Hanoi's West Side Story
Written by Gemma Price
Rising rents in other more central parts of Hanoi have slowly pushed local restaurateurs to the scenic shores of West Lake, or Tay Ho; now, this unique, up-and-coming quarter is a great place to experience both the traditional aspects of daily Vietnamese life, and some of the finest gastronomic experiences the city has to offer.
Media darling and TV chef Bobby Chinn’s signature restaurant was originally located at the edge of Hoan Kiem Lake in the city centre, but when his landlord jacked up the rent from US$20,000 to over US$40,000 a month, he upped sticks and relocated his boudoir-like signature bar and restaurant to the shores of Tay Ho. Today, this mainstay of Hanoi’s dining scene is a great place to smoke a hookah pipe and gossip over a cocktail, before retiring to one of the upstairs dining rooms for a delectable dinner.
But even before Bobby moved in, former Ritz Carlton chef Donald Berger was one of the first operators to recognise the area’s potential. He says that when he established Vine Restaurant there in 2003 there was little in the way of development, and people said he was “crazy” to open a fine dining restaurant in a predominantly residential area. Today Vine Restaurant has built a solid reputation for fine food and wine; customers can even don a lushly padded velour jacket and dine in the restaurant’s basement wine cellar – while its sister wine and cigar shop Vine Cellar Door is a great place to pick up wines and tobacco from the world’s top producers.
Food fanatic Berger left the business to start his own in 2007, and the four-storey, glass-fronted Don’s, which overlooks the lake’s waters to the Sheraton Hotel opposite, has become synonymous with fantastic international cuisine, from Mexican and comfort food such as pizzas and sandwiches to fine French cuisine, and is renowned for its extensive wine list and well-stocked humidor. The rooftop oyster bar is a particularly popular haunt among locals and expats, and can get pretty rowdy after dark.
Other must-go outlets in the Xuan Dieu area include the cutesy kitsch Love Chocolate Café, where waitresses wearing Parisian-style maids’ outfits serve a mouthwatering menu of chocolatey delights within a Victorian tea room-inspired setting; and the House of Son Tinh, where thirsty patrons can sample Western and Vietnamese dishes while working their way through the menu of home-distilled rice liquors and rice wine cocktails.
For a more regal experience, step through the heavy, elaborately carved wooden doors of Mandarin into Vietnam’s former feudal past to sample traditional Vietnamese cuisine fit for a king; pick up organic teas, coffees, and other organic produce from around the world at Betterday fair trade and organic shop; and mix with other customers beyond the narrow, red-and-white-striped facade of The Oasis Deli, where owner Marco, a native of Italy’s Ligurian coast, can usually be found weighing out imported cheese, cold cuts, and home-made guacamole dip and boscaiola sauce for local foodies.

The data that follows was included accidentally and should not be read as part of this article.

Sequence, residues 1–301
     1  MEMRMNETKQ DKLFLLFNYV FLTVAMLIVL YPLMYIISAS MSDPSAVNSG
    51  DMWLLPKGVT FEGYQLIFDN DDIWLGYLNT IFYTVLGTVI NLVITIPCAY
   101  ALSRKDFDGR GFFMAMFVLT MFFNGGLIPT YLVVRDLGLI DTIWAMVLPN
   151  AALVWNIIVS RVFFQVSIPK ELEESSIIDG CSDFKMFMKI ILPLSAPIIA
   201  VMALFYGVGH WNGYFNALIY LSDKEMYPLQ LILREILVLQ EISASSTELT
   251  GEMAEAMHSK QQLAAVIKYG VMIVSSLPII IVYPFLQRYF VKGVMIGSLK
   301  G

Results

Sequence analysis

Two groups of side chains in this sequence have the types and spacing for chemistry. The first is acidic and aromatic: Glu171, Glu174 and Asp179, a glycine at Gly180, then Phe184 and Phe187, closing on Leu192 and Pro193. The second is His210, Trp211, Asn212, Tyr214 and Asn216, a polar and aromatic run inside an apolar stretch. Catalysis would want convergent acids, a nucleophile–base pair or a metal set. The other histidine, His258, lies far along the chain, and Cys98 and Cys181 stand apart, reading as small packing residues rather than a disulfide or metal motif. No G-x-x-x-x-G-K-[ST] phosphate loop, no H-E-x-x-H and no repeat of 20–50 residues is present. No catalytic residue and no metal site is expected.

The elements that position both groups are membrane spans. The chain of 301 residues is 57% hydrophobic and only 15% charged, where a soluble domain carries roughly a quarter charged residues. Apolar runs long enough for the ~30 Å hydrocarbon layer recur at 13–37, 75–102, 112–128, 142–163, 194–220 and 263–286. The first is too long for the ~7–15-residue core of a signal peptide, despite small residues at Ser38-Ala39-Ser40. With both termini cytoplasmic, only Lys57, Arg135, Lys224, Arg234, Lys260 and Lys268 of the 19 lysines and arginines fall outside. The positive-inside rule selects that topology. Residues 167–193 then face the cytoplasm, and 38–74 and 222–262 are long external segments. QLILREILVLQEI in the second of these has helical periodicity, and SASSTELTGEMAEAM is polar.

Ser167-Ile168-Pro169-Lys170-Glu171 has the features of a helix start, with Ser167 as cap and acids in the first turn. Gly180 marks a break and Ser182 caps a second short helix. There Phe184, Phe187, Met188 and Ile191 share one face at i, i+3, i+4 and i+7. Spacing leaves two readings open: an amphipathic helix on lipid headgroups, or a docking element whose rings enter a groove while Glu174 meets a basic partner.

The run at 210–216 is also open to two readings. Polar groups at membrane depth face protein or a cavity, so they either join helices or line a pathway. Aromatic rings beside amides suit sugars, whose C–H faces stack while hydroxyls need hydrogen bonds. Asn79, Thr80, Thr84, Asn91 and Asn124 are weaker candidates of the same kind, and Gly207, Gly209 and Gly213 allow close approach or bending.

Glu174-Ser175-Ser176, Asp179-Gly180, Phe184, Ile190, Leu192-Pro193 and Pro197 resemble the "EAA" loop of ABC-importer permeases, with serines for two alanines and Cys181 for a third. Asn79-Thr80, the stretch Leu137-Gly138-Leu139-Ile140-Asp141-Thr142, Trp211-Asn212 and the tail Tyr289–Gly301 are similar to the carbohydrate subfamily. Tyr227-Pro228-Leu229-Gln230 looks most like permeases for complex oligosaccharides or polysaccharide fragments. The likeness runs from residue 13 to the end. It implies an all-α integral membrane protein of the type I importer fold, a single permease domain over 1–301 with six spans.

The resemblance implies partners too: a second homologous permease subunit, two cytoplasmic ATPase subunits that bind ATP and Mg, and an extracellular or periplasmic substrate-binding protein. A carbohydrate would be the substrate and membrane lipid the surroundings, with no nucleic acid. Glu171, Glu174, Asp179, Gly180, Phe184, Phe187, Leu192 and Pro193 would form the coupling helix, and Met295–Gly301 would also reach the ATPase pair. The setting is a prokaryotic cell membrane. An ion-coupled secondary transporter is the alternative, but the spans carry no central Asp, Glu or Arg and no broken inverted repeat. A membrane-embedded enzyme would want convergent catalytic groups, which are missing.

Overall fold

Tay Ho’s tranquil waters are arguably at their most picture-perfect at dusk, and one of the best spots to unwind at the end of the day is the Intercontinental Hanoi Westlake’s spectacular sunset bar. Set at the end of a lamp-lit walkway right over the water, this is one of Tay Ho’s most chic upscale watering holes, popular with locals and expats alike for its tasty international cuisine and expertly mixed cocktails.
When Art Vietnam opened its first gallery in a traditional Vietnamese ‘tube house’ in Hanoi's ancient quarter, it quickly became recognised as the avant garde voice of Vietnamese art. Now housed in a large contemporary space, Art Vietnam Gallery comprises three floors of video, photography, painting, and sculpture, and marked the Hanoi 1,000 celebration with ‘Traces’, an exhibition by the gallery’s most senior artist Nguyen Cam who was exiled from his country in his youth. Bits of jute, calligraphic musings, prayer papers, ginkgo leaves, tea leaves, and other distinctly Vietnamese traces are imposed upon fractured landscapes illustrating an unspoken diary, exposed for all to see.
Nha Tho and Ly Quoc Su streets
Take a stroll along Hanoi’s charming Nha Tho and Ly Quoc Su streets, located on the fringe of mystical Hoan Kiem Lake, to discover quaint boutiques like Song, packed with elegant garments and soft furnishings in natural fabrics such as cotton and silk, and Mosaic, a home décor treasure trove of beaded cushions, lamps, and throws; as well as a wealth of cosy cafés and intimate restaurants.
Ho Chi Minh City, Vietnam
Art Vietnam Gallery
House of Son Tinh
Vine Wine boutique and restaurant
Vine Cellar Door
Don’s 16/27 Xuan Dieu
The Oasis Deli